Wednesday, August 03, 2016

Will Donald Trump Drop Out?

Democrats, as a general rule, do not handle good news well during an election cycle.  Or bad news well.  Really, any news at all related to an election, we cannot handle, and I can say this because I've been on the team since pretty much birth.  If we are losing an election, or even in a close election, we will automatically have our series of Chicken Little moments, running to the middle (if we're candidates) or panicking and gnashing teeth on social media.  If we're winning, we have trouble believing it and invent far-fetched theories that will cost us our victory, and will preface literally every single sentence with "We shouldn't take anything for granted..." as if we're warding off a curse or something.  I'm one of them on this with regularity (you have access to some 1700 thoughts I've had-I'm sure you can find evidence of it), but I will say that the latest worry has become even more insane than usual, and I'm saying this based on an election cycle that, well, has lived up to that adjective.

News yesterday in the New York Times were showing a Republican Party that was beside itself.  In the wake of arguably the worst week of any major party's nominee's life (honestly-can you think of another week like the past week for a major party's nominee?), Trump derided Gold Star families, made dangerous mis-pronouncements on foreign policy, and somehow got into a fight with a baby.  Additionally, he derided multiple powerful incumbent Republicans, including Sens. Kelly Ayotte and John McCain, both in tight races this November, and refused to endorse Speaker of the House Paul Ryan.  Reports circulated on social media that the campaign staffers are despondent over Trump's actions, including news that Paul Manafort has basically started phoning in his work as chairman of the national campaign and that the staff is "suicidal."  This has all led to two major worries and frettings for the Republican Party: do they abandon Trump, and is there a risk of Trump dropping out of the race, causing the Democrats to have an 11th-hour issue that could derail their own candidate, who has had issues of her own on the campaign trail (that interview this weekend about the Comey report was a joke, and everyone knows it but Trump got in a fight with a baby and a grieving mother, so no one noticed it)?

There are two questions here, and one of them is actually worth seriously considering, in my opinion.  The reality is that there are some Republicans who are just finishing up their primaries (Ayotte, McCain, and Ryan couldn't afford a defection prior to that for fear of a Tea Party surge), but may be in a place where denouncing Trump and hoping that their personal brand is strong enough to survive wouldn't be the worst idea, but that comes with an extraordinary amount of risk.  The reality is that Trump still does relatively well amongst Republican voters if you look at the polls.  Most Republicans are voting for him, but the polls show that not enough of them to make up for Clinton's superior numbers with Democrats and Independents.  Therefore, abandoning a man who is popular with voters you need (and make no mistake-McCain, Ayotte, and even Ryan need those voters) is a risky game.  This is not an easy situation for any of these Republicans to be in, admittedly.  It's very clear that Ayotte and McCain, whether because of the tenor of his campaign or the actual issues, can't stand Trump but they also can't endorse Clinton or even endorse Gary Johnson without a clear retribution from Trump, who would surely cost them their seats if he could convince enough of his voters to skip that line on the ballot.  That's what I see as being very likely in a scenario where Trump is abandoned by a great number of Republicans-you could be in a situation where Trump is now against both party establishments, with his army of supporters (I'd put 30% of the country as being strongly in Trump's camp, based on both polling and intuition) going to the polls only to vote for Trump.  That would be a disaster for Republicans, as those races would give Democrats a major advantage, perhaps enough that they could hand both houses of Congress to the left.  Additionally, if Republicans were to say, get behind Gary Johnson it's unlikely there would be enough defections even if Johnson became viable to make up for the Clinton campaign's superior numbers with the Democratic Party.  If the window for the vote moves from 50% to, say, 45%, Clinton is next-to-impossible to beat because she's already there.  The Republicans will have abandoned Trump to save themselves in future elections (perhaps a noble pursuit), but they'll have been shellacked in November to the point where they'll have to rebuild for years to try and recapture their majority.  It's such a risky move, and the party has been averse to risky moves (they didn't stop Trump in the primaries or at the convention, where it would have been considerably easier), so my guess is they skip such a proposition.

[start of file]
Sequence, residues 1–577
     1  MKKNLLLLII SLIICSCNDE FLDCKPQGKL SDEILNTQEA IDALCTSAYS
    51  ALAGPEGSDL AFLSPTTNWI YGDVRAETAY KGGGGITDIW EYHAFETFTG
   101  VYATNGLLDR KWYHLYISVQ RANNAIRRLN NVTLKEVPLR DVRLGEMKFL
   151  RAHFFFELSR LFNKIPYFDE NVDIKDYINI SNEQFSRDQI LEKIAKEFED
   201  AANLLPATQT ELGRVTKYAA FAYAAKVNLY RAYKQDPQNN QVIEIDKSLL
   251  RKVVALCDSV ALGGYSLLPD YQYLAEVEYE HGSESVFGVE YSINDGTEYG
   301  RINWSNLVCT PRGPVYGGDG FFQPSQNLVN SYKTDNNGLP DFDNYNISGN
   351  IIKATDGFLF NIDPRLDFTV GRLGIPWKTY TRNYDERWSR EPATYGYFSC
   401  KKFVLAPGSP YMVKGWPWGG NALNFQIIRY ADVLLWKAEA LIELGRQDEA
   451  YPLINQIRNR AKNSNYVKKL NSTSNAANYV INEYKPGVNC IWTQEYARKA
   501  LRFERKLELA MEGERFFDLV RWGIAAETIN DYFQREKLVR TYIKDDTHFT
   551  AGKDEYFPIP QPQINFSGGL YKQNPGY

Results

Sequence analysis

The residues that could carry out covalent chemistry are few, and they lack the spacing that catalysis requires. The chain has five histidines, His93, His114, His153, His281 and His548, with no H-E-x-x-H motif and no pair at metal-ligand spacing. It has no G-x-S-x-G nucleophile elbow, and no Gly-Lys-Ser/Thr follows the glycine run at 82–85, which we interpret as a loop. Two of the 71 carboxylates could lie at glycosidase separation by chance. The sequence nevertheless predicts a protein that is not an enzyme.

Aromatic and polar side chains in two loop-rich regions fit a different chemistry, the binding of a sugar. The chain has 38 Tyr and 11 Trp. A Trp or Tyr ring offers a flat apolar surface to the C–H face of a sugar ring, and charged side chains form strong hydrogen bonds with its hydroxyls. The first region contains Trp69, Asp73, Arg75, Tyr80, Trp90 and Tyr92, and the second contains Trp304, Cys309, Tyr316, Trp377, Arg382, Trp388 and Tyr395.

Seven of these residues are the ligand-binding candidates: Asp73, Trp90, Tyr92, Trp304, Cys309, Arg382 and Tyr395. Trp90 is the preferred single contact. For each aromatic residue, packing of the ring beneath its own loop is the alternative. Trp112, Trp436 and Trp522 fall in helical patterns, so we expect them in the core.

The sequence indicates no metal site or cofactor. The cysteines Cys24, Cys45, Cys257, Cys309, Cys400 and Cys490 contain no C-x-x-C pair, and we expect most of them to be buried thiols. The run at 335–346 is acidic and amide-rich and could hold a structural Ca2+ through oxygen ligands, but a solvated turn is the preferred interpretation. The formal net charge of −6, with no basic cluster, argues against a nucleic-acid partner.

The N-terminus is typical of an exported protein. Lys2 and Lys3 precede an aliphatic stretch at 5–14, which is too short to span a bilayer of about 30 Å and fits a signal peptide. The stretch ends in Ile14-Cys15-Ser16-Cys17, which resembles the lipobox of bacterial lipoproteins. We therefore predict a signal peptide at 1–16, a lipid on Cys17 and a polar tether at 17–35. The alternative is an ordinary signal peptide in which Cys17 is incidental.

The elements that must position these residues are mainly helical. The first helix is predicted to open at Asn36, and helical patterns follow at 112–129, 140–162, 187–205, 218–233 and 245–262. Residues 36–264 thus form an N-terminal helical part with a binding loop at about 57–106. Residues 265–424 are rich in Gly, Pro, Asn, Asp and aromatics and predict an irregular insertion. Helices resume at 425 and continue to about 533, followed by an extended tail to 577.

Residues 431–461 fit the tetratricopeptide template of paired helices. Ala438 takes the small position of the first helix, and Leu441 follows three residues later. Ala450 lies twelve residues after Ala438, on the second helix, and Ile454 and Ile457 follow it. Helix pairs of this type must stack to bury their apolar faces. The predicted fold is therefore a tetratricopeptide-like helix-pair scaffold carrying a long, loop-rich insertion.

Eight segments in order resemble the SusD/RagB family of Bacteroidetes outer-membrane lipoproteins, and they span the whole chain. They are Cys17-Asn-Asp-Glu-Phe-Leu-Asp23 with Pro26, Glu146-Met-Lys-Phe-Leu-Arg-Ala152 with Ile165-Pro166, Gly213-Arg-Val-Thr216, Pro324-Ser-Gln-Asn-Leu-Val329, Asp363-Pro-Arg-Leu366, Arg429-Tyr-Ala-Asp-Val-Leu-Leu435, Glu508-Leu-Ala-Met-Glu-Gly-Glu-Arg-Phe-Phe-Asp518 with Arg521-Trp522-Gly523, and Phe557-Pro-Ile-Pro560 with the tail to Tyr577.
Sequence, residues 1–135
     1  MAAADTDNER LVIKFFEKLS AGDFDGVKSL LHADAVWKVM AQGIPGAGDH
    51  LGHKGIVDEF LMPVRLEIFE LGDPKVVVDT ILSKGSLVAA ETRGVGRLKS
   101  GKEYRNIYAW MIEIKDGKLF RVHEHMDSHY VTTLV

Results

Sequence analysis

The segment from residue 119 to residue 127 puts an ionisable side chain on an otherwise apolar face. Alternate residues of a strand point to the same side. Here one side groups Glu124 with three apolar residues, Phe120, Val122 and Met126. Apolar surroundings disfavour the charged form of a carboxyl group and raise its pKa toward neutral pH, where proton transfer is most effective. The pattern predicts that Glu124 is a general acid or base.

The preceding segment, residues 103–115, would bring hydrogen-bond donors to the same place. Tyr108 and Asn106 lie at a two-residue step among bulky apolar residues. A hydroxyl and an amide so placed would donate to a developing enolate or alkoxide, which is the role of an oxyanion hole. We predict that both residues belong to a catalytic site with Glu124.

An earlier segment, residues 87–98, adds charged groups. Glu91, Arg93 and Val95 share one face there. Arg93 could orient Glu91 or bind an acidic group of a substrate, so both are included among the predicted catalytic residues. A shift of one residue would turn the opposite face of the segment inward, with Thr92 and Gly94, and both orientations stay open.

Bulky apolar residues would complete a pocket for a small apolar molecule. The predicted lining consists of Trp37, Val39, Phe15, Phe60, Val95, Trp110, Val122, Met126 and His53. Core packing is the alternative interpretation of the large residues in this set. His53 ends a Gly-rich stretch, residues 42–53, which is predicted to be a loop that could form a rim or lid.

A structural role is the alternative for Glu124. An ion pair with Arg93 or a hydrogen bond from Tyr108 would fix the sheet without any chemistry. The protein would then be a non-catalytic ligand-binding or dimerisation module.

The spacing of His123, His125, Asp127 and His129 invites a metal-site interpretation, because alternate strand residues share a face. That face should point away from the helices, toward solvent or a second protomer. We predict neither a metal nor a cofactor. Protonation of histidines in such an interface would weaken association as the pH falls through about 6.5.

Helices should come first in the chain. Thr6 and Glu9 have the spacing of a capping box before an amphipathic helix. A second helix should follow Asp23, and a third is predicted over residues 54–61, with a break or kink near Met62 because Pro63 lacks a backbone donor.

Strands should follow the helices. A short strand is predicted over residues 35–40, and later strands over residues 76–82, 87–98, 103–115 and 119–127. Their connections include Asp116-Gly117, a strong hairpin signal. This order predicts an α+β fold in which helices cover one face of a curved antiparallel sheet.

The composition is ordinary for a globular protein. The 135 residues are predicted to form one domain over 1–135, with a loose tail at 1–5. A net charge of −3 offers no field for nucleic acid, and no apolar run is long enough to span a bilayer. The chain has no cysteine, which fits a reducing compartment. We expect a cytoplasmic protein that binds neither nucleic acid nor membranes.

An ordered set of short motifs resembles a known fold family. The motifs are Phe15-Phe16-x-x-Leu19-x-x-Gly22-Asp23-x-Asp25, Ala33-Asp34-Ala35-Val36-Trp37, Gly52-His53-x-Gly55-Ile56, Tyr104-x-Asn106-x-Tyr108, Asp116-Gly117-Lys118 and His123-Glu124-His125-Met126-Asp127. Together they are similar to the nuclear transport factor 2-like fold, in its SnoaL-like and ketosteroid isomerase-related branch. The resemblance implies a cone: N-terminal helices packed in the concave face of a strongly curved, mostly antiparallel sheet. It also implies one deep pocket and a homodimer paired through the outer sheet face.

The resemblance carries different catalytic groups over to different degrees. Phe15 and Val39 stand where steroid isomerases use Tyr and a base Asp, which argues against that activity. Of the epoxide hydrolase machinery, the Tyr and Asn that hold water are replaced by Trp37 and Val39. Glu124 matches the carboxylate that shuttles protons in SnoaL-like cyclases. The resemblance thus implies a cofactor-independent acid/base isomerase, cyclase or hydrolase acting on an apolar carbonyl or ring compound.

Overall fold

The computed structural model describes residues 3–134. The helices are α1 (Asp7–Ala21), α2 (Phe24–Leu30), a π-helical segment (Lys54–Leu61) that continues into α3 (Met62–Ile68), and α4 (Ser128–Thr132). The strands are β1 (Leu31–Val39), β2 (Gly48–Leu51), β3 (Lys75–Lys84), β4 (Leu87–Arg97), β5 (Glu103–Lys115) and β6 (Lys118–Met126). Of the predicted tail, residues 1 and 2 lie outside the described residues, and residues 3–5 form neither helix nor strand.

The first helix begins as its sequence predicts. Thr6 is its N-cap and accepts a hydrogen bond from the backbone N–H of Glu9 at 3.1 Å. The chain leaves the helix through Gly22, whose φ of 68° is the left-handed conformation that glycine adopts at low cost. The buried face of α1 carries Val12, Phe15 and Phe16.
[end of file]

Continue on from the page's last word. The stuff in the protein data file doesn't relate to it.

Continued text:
The second bullet point is the sort of situation where the Democrats wake up in a cold sweat each day between now and the election.  They know that Hillary Clinton, at this point, is only winning because Trump is losing-she's an accomplished woman, and I think would make a fine president, but the email scandals were a nightmare, and that Comey press conference would have sunk literally any other candidate on the campaign trail were it not for the Trump idiocy.  The idea that Trump, at some point, will drop out has been a worry for months for both sides (it'd be a mess for the Republicans as well), but it's become more of a pronounced worry now that the conventions are over and it wouldn't lead to a messy brokered convention.  John Kasich, Mike Pence, or Ted Cruz could all end up as the nominee in such a scenario, but it's worth noting that there are no legal ways to end this campaign without Trump's consent.  Trump has won the nomination and the GOP spot on every state's ballot-that's what the convention did legally a few weeks ago.  Getting him off would require him to actually quit.  Now, Trump has a history of quitting projects, this is true, but it's hard to believe that he would give up such a pulpit, particularly since he knows that he holds more cards over the GOP than they do on him.  Some speculate that Trump talking about the election being "fixed" is his way of eventually saying "Well, I can't win because it's fixed, so why should I run?" but I view that more as a way for him to cover his tracks as the election winds down and he eventually loses.  I'm not saying this is impossible, and some more connected than I have put this out into the universe, but even in an election cycle where we have said ad nauseam that "things are different" the idea of a major party's nominee dropping out simply to help the party win seems pretty much unthinkable to me, particularly considering the hit that would happen to Trump's ego.  It's also impossible to think that Trump would go quietly, or that he wouldn't call his supporters to stay away from the ballot box if someone he didn't like (read: anyone but himself) were the nominee, which is an entirely different quagmire.  I would buy that Trump would avoid the debates or that even Pence would drop out before Trump himself would abandon such a position of power, something that he will never approach in the future (the GOP isn't going to let him do this again).  Never say never, but I feel like this is beltway postulating more than anything else.